David had a profound and unusual insight into this truth when meeting with a sudden gross and public insult. When sorrowfully leaving Jerusalem with his company of loyal supporters at the time of Absolom's revolt, he was accosted by a relative of King Saul's, who cursed and stoned him. "Come out, come out, thou bloody man, thou son of Belial: the Lord hath returned upon thee all the blood of the house of Saul..." This was too much for one of David's chief officers, Abishai, who drew his sword and asked permission to kill him: "Why should this dead dog curse my lord the king? Let me go over, I pray thee, and take off his head." A convenient way out of our difficulties which we often feel like taking! David's answer was remarkable: "What have I to do with you, ye sons of Zeruiah? So let him curse, because the Lord hath said unto him: Curse David." And then a little later: "Let him alone, and let him curse; for the Lord hath bidden him." And then a quick rise in faith: "It may be that the Lord will requite me good for his cursing." A man who is a mouthpiece of the devil was said by David to be commanded to curse by the Lord! Truly a lightning transition of outlook from the natural reaction of Abishai's "Kill him", to the supernatural one of David's "Let him alone, the Lord hath bidden him"; a transition possible only to one who was long accustomed to walk with God. The underlying principle is plain to see: a difference of inner attitude affecting outer action. One saw the thing from an earth-level, the other the same thing from heaven.
So in every case of wrong done, there is a way of peace, poise and victory. But it is not found on the outside by leaping to condemn the wrongdoer and to assert our own rights. Once again it is by the application on the inside of the one process of faith. Here the fight will be much fiercer. Our sense of righteousness will have been aroused. We have been wronged. The fault is obvious. The wrongdoer should be made to see his wrong and apologize. The wronged one should have his character cleared. It is not even morally sound that the wrongdoer should get away with it unrebuked, unrepentant. He should be shown that sin is sin.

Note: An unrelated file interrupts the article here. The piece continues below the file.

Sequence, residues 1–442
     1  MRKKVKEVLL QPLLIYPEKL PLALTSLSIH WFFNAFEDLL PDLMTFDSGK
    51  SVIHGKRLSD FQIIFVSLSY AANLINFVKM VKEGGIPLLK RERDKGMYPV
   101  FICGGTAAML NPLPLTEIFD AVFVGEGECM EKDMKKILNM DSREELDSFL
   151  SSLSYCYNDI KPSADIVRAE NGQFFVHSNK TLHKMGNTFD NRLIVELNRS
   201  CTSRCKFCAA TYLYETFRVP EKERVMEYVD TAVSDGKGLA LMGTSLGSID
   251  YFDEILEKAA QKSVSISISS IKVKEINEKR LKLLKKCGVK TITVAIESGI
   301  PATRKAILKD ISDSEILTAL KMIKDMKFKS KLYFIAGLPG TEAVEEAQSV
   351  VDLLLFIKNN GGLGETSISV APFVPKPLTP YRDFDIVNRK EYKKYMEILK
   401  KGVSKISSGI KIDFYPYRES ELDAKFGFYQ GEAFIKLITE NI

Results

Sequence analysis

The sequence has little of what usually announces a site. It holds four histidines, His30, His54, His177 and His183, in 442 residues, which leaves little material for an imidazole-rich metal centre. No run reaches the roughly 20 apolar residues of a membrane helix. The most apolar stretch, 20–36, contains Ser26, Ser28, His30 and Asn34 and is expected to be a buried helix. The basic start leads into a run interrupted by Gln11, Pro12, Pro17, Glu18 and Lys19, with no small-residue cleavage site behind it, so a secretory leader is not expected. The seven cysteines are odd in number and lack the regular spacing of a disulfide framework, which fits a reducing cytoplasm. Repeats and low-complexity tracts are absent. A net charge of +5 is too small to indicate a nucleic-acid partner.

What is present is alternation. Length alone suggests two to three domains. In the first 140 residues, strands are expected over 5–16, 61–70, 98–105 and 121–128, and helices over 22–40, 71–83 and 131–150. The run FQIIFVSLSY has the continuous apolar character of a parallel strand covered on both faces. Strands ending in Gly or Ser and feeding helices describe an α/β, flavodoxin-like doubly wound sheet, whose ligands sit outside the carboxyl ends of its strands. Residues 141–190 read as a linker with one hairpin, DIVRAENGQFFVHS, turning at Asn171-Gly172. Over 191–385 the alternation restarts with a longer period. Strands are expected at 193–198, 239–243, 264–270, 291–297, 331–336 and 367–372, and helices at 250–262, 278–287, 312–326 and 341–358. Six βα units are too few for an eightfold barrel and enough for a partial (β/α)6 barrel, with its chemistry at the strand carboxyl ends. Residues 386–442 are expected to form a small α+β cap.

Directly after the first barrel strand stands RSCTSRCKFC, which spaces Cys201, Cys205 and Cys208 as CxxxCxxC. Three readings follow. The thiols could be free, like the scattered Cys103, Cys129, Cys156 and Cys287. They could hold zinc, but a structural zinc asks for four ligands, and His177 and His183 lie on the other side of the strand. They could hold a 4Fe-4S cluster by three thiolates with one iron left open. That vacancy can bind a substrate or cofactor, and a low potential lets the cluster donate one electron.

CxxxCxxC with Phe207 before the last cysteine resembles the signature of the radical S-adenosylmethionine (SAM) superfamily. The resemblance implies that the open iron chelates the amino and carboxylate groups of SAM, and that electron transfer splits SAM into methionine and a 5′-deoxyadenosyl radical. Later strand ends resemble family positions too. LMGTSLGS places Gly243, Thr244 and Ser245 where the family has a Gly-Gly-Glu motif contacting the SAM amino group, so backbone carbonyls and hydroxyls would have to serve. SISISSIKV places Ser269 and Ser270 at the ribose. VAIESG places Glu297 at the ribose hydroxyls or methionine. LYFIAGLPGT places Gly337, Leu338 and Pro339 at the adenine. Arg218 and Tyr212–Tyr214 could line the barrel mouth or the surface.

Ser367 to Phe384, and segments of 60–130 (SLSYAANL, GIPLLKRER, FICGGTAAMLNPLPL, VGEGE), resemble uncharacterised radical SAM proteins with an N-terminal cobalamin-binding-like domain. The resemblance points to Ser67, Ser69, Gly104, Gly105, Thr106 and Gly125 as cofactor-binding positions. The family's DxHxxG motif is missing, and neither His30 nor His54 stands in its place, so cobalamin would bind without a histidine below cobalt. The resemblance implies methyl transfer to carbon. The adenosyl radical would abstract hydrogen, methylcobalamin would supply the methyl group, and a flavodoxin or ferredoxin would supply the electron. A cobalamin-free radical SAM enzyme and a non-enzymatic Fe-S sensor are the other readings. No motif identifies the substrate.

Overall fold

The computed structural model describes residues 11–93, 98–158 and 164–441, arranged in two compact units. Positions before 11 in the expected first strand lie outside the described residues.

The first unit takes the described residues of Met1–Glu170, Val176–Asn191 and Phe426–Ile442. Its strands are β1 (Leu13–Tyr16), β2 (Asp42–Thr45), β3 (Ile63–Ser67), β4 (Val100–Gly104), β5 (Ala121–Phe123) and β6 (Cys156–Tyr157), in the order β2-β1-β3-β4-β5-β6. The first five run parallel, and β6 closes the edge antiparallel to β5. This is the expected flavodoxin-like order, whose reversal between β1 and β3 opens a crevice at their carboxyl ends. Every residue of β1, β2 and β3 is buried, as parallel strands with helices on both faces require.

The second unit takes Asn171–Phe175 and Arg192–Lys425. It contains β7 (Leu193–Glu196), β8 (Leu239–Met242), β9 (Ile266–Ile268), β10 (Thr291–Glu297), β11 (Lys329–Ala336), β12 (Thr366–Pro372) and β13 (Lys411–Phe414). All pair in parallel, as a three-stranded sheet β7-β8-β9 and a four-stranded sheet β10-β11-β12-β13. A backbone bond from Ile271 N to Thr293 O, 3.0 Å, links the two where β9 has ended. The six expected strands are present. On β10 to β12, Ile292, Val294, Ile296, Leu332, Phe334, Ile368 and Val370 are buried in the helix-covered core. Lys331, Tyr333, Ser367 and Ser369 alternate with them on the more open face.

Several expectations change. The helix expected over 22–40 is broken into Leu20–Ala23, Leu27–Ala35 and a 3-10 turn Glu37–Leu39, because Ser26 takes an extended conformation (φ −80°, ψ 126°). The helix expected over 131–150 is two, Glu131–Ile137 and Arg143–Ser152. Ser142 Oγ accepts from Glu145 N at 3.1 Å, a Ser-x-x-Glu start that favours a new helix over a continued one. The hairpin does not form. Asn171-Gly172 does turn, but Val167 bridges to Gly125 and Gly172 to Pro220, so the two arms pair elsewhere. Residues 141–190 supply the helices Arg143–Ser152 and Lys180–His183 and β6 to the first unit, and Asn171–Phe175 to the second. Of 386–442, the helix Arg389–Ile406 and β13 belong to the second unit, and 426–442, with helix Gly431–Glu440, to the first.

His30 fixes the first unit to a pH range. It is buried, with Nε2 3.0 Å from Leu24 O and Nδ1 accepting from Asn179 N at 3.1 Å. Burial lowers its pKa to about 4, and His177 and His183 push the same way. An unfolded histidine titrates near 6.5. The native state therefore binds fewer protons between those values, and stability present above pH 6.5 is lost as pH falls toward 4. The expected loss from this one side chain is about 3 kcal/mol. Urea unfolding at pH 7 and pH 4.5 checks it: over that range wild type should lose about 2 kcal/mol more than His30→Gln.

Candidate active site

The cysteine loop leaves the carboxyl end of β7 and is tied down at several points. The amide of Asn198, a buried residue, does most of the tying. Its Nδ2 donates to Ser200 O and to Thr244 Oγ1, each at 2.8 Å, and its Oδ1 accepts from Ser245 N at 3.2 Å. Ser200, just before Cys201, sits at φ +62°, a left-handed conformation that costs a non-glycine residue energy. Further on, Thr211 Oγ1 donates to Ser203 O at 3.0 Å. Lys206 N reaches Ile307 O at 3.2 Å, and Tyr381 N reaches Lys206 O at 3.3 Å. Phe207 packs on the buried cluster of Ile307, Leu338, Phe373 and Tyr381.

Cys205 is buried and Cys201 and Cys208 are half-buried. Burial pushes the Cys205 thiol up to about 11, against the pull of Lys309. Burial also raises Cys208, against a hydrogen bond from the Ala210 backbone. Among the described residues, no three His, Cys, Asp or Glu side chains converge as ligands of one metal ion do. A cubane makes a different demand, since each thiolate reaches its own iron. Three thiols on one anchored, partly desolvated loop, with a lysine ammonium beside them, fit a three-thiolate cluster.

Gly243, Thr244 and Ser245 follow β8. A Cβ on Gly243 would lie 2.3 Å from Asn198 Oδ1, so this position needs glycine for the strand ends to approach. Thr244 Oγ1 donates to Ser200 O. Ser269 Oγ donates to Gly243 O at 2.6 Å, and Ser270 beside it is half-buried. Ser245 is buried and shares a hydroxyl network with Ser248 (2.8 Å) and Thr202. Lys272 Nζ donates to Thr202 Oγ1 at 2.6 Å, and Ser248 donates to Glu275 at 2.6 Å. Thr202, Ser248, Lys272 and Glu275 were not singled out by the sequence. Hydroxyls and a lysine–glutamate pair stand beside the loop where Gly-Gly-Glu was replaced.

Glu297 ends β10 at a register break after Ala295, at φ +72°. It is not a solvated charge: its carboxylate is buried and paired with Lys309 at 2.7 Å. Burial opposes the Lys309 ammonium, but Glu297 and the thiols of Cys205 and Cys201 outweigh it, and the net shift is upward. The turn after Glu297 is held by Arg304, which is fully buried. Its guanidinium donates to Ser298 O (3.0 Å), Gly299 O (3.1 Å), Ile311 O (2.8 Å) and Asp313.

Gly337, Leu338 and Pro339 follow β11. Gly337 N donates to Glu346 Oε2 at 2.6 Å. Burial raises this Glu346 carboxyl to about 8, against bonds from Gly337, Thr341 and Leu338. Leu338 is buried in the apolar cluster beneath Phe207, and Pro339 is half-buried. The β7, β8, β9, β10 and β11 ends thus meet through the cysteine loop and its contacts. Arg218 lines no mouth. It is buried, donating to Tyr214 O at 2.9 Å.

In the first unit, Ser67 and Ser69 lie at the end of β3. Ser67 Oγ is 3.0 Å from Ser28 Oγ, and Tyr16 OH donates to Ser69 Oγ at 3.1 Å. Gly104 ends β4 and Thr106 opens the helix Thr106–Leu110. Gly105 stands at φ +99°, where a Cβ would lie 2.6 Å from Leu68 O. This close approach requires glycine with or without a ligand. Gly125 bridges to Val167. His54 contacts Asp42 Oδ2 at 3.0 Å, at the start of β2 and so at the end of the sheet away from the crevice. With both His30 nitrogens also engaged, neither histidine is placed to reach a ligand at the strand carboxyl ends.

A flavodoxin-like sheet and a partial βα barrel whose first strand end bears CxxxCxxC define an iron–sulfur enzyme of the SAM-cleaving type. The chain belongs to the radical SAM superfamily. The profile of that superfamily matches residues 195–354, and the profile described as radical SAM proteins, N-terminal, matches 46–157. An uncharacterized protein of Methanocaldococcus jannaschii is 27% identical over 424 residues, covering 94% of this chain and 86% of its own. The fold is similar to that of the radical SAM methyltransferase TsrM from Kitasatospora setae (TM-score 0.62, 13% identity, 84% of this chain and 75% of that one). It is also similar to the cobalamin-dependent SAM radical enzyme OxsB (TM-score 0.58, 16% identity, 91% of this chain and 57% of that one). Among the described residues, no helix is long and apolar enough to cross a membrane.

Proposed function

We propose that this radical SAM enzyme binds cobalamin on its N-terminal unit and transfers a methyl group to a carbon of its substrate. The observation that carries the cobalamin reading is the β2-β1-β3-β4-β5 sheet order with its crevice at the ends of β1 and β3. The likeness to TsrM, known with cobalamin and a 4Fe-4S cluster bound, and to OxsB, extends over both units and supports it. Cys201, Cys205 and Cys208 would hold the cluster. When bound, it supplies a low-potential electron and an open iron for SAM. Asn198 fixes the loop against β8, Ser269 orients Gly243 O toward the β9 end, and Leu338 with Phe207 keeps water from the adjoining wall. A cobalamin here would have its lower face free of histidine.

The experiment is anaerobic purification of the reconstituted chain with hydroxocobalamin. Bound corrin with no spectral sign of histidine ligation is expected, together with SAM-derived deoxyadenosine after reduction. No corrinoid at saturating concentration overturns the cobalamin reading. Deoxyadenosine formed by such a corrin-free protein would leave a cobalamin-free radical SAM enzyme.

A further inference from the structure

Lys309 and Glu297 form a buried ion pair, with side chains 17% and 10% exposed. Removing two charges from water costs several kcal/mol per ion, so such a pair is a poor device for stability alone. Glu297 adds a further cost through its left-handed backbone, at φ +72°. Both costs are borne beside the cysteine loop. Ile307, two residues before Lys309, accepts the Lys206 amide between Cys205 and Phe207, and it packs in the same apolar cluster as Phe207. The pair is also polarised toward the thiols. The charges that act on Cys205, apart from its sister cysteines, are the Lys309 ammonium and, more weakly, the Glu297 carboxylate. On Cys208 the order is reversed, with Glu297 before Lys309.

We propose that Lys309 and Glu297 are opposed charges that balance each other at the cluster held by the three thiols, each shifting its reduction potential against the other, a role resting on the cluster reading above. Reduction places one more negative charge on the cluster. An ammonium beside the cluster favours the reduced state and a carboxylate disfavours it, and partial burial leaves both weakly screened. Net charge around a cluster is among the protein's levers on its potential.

Yes, that is true of the plane of righteousness pure and simple. It is equitable for the man of the world. It is the justice of the law. But, in the Gospel, a new principle of action has been revealed, revolutionary, dazzling. "The meek shall inherit the earth." So quietly said that the world passes it by as one of those "soft" sayings of Christianity. Yet it contains the only explosive power which could blow war out of world policies, and, as it says, will and does inherit the earth.
It is the Cross in action; and Jesus, who fulfilled it, has been gaining His promised inheritance of millions of human hearts through two thousand years, and will one day rule, as prophecy assures us, in person over the whole redeemed earth.
We say to our injurious neighbor, as Abishai said: "You must die! If you will die, die by repenting, confessing, apologizing, righting the wrong, then I will freely forgive." But that is just what God in Christ did not do. If He had, we should all be bound for a lost eternity. That is the way of the law.
But God, in face of man's defiances, disobediences, ragings, insults, mockeries, decides that He will die in the Person of His Son for us. Christ dies at the hands of wicked men, our hands. God loves on. He even becomes our suppliant and beseeches us to make it up with Him. He, the offended One, does not remain in cold isolation till we make some approach to Him. He comes to us. He breaks through the barriers that separate us. He becomes flesh to reach us. "What more can I do than I have done?" is His own heart's cry through the mouth of the prophet.